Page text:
“There are always a lot of rumors regarding corruption at Eletrobras, but the graft probe has not hit the company yet because the other investigations became bigger than expected,” said Filipe Borges, an analyst at brokerage Solidez Corretora. If the speculation turns out to be true, “there’s a lot of room for it to decline.”
While a project controlled by an Eletrobras unit was mentioned in passing by a jailed Petrobras executive in the beginning phases of the scandal, it wasn’t until March of this year -- 12 months after the oil-industry case exploded -- that concrete allegations were lobbed against Eletrobras.
On that March morning in a conference room of a federal building in southern Brazil, construction executive Dalton Avancini sat down in front of a microphone and recounted a tale of allegedly crooked politicians, contract fixing and million-dollar bribes, according to a person with direct knowledge of the testimony.
Avancini, who was chief executive officer of builder Camargo Correa SA when he was arrested in November 2014, alleged graft at two Eletrobras projects: the Angra III nuclear power plant near a Rio de Janeiro bay popular with Brazil’s elite and the Belo Monte hydrodam deep in the Amazon jungle. Costs for the latter project have surged to more than 30 billion reais ($7.5 billion) from 19 billion reais when the project was licensed in 2010. Camargo Correa was a builder on both works.
Within weeks, Eletrobras’s own team of lawyers reached out to judicial authorities, wanting to cooperate and gain access to the testimony and other documents in the case, the company said in a regulatory filing. They were told the investigations were sealed. They have asked twice more since then and were denied each time.
A few months later, a second construction executive also began testifying after reaching a plea bargain: Ricardo Pessoa, the owner of UTC who was arrested in November and has admitted to acts of corruption. In testimony released by the Supreme Court this month and obtained by Bloomberg, Pessoa also made claims of bribery at Angra III.
Both executives, through their lawyers, declined to comment.
The testimonies led to the July arrest of the former head of Eletrobras’s nuclear-power unit, Eletronuclear. Federal police alleged in a July 28 press conference that Othon Luiz Pinheiro da Silva -- who took a leave of absence as CEO in April -- allegedly accepted bribes in exchange for awarding contracts to at least two builders. Pinheiro da Silva has denied any wrongdoing.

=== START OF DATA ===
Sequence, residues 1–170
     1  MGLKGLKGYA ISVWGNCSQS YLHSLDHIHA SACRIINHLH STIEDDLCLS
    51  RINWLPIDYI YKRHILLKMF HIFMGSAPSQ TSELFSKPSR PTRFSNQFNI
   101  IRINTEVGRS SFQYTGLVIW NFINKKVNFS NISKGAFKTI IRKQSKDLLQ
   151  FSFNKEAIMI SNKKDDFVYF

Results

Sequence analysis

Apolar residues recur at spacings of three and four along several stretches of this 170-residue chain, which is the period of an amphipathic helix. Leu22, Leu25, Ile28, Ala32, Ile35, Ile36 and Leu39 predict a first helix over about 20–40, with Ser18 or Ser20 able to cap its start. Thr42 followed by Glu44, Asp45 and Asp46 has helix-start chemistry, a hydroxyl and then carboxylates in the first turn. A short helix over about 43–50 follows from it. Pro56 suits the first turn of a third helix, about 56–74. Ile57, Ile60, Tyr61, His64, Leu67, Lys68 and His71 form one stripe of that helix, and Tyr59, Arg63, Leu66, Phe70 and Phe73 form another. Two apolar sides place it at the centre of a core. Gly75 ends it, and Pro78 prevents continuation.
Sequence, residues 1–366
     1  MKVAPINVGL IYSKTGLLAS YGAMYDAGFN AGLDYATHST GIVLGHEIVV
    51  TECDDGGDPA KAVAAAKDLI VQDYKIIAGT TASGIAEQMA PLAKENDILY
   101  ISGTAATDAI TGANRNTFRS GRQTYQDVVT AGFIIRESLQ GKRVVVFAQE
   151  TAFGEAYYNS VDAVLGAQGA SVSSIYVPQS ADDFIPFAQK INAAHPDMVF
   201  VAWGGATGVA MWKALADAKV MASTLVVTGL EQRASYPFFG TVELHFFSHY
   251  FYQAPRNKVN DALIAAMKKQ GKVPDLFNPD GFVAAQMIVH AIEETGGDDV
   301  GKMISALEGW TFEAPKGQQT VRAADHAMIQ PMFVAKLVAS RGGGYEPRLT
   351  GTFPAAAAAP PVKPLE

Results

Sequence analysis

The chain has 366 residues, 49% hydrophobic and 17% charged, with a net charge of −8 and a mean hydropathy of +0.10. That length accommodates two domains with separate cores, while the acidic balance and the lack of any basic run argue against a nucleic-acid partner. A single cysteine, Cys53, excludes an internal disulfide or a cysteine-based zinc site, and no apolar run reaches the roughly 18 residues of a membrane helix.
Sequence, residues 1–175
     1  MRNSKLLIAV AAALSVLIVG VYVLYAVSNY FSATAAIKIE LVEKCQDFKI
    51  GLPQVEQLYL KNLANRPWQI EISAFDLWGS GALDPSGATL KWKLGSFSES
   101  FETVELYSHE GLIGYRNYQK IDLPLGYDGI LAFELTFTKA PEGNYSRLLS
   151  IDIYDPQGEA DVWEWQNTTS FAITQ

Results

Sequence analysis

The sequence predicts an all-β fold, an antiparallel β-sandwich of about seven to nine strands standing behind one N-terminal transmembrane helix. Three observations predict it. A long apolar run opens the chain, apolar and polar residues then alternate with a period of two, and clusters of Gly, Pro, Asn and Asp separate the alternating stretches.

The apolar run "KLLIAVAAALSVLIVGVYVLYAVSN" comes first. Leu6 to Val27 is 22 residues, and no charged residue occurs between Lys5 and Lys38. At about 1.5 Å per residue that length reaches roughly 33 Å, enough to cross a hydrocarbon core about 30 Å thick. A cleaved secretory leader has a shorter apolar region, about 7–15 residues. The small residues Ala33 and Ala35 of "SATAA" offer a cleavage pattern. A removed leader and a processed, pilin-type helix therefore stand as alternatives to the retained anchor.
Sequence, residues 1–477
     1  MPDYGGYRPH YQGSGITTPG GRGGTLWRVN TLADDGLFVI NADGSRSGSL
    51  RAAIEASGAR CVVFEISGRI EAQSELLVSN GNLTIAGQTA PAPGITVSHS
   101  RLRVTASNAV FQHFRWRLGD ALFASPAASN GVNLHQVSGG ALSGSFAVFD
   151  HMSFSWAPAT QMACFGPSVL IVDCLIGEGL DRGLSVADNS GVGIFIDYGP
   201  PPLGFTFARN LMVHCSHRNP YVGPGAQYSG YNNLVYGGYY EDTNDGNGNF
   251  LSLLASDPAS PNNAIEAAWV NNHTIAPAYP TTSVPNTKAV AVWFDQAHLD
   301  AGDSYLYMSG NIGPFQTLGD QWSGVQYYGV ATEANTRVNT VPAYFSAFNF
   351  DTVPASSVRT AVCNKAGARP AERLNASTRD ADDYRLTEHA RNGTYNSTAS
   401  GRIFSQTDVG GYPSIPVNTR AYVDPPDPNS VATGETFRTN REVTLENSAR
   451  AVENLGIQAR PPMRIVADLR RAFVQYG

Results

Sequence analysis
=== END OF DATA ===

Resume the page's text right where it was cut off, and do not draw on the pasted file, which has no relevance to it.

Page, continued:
As the accusations in the federal investigations piled up, Eletrobras’s own lawyers realized they couldn’t keep up, said the person familiar with the internal probe. Having watched the havoc the investigation had caused at Petrobras -- forcing the Rio de Janeiro-based oil producer to replace its CEO and slash billions of dollars in investments -- Eletrobras wanted to get to the bottom of the allegations before federal officials did. So in June, weeks before Pinheiro da Silva’s arrest, it hired Hogan Lovells, a well-known British-American law firm. Brazilian firm WFaria Advogados was contracted to assist.
While there are many reasons why Eletrobras wants to get ahead of any scandal -- including the SEC’s demands to complete its financial statements -- two chief reasons are this: Completing its internal investigation could help it avoid large fines and will also make it easier to do damage control for its corporate image, reducing the fallout, said the person with direct knowledge of the utility’s strategy.
“Following Petrobras, efforts to combat financial crime are more in line with international norms,” said Alessandra Gonsales, a partner at WFaria. She declined to provide specifics on the internal probe. Hogan Lovells didn’t respond to requests for comment.
Eletrobras’s team of internal and outside lawyers has already interviewed more than 100 executives, seized hundreds of computers and scrutinized over 2,000 pages of contracts, invoices and internal memos, according to the person with direct knowledge. While it was the Petrobras investigation that led federal prosecutors to Eletrobras in the first place, the sheer size of the oil-industry crisis is also providing cover for the utility -- and buying it time.
“The Petrobras case is already too big,” said Modesto Carvalhosa, a law professor at Sao Paulo University. “It diverts the focus.”